Depending on the theme you choose, these controls can be hidden and even more controls can become available depending on your preferences. You’re able to have the mixer just about wherever you want in Reaper. You can also detach it and have it on a second monitor.
Instruments and effects
Instruments and effects can be accessed by pressing the FX button on either the track in the timeline or within the mixer. Reaper’s FX window isn’t the prettiest, but it does have powerful filtering and search functionality to help you find the plugin you’re looking for fast.
Plugins and effects are simply listed on the left hand side, with the interface on the right. Simply drag an instance of a plugin to reorder it within a list.
Playing and recording
Playing and recording in Reaper is as straightforward as most DAWs. Simply arm any tracks you wish to record, and hit the record button. Depending on the track type, you’ll be able to record MIDI and audio onto the timeline.
Automatic record-arm when track selected’ is a powerful feature to auto arm any track when you’ve clicked on it. Then, you can select any number of tracks and record all at the same time, without having to record-arm them separately.
Standard features like tempo, time signature, section looping and punch in, are all available.
Best Reaper Instruments
Reaper lacks the built-in instruments found in popular DAWs like Cubase, Logic Pro, and Pro Tools, but it does come with basic synth and sampler plugins. Fortunately, there are plenty of top-notch freeware instruments available that work seamlessly as plugins within Reaper.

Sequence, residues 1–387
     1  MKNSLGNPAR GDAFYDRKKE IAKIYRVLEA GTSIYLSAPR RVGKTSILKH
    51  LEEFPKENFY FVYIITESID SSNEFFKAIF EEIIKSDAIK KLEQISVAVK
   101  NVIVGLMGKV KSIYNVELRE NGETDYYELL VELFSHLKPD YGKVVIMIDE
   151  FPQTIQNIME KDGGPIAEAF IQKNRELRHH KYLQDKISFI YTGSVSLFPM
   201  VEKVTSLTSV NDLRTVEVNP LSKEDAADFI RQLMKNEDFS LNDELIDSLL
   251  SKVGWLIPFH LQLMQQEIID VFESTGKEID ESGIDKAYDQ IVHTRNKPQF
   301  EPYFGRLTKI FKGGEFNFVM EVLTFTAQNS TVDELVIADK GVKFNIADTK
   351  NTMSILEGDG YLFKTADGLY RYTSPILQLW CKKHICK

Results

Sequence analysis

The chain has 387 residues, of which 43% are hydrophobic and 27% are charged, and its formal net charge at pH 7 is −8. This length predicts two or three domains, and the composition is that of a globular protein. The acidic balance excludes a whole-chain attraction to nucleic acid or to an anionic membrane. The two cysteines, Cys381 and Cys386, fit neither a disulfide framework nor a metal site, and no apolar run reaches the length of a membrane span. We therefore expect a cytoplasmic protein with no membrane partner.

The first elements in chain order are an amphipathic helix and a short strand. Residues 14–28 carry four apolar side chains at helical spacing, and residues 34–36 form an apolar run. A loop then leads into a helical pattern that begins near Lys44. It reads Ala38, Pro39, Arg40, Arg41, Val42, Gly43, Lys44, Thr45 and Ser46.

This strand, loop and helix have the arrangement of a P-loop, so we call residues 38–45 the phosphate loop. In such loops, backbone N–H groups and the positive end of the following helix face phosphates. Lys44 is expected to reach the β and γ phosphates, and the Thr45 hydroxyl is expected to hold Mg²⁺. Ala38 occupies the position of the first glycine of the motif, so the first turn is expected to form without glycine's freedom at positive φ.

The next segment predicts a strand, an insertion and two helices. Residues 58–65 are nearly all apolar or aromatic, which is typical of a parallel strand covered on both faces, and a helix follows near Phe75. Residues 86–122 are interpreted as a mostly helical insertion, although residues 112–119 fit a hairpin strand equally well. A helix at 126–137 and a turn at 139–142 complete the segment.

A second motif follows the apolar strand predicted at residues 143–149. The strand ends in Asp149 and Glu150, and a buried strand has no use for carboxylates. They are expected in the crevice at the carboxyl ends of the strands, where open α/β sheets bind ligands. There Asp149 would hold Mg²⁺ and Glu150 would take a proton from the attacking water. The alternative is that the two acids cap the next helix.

ReaSamplomatic 5000 is Reaper’s answer to samplers like Ableton’s ‘Simpler’, and FL Studio’s ‘SliceX’. It’s perfect if you’re looking to create sample based music and want to have playable sounds at your fingertips.
To load samples into ReaSamploMatic 5000, click the “Load Sample” button or drag and drop samples directly into the plugin.
The plugin allows you to assign samples to specific MIDI notes, and has sound-shaping controls such as volume, pitch, and envelope controls to customize the sound.
Best Reaper Effects
While Reaper doesn’t come with a ton of instruments, it does include several high quality effects plugins from voice tuning, to compression, to EQ. Here are some of the top plugins that come with Reaper. Most are also available for free to run in any DAW.
Equalization is a critical step in shaping and refining the sound of your tracks, and ReaEQ is the perfect tool to help you do just that. This parametric equalizer comes packed with four bands by default, with the option to add more as you see fit.
With ReaEQ, you can make precise adjustments to individual frequencies, boosting or cutting as needed.
ReaComp is a clean compressor that’ll get the job done. It boasts a ton of standard features in a basic interface.
With soft knee support, you’ll enjoy smooth and natural-sounding compression, while sidechain filters and inputs give you the power to shape your sound. The feedback compression mode is a unique feature that opens up even more possibilities for creative sound design.
One of the standout features of ReaComp is its program-dependent auto-release mode, which adapts to the unique demands of your audio for optimal results. The variable RMS size and oversampling antialias modes with optional limiting, provide further precision.
ReaGate is a low resource gate plugin with a range of configurable options for fine-tuning your sounds.
With a range of features like sidechain filters and inputs, lookahead for pre-open, and hold control, you’ll have everything you’d need in a gate plugin.
ReaGate also offers a variable RMS size and the ability to send MIDI events on gate open and close, allowing for even more creative freedom.
ReaDelay is a powerful multi-tap delay effect. With no practical limit on the number of taps, you’re able to achieve complex echo patterns. Each tap in ReaDelay can have a delay time of up to 10 seconds, and the lengths can be specified in time units (seconds or milliseconds) or in musical terms (quarter notes).